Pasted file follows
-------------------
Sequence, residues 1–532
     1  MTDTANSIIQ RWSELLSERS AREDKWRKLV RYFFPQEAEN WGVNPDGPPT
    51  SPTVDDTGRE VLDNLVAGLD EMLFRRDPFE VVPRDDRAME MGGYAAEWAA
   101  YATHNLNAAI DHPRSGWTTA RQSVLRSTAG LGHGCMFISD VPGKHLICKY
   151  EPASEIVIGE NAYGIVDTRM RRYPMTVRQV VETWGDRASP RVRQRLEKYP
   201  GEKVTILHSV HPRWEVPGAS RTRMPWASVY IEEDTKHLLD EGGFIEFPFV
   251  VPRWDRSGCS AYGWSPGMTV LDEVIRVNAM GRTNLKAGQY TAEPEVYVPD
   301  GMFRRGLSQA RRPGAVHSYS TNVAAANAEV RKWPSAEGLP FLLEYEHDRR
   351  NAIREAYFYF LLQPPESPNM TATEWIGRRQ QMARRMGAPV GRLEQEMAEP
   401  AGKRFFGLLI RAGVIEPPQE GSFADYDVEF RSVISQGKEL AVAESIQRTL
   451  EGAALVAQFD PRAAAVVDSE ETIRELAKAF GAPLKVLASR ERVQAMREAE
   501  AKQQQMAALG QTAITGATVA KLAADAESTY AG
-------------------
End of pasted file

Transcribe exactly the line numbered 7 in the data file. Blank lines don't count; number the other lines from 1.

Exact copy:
   251  VPRWDRSGCS AYGWSPGMTV LDEVIRVNAM GRTNLKAGQY TAEPEVYVPD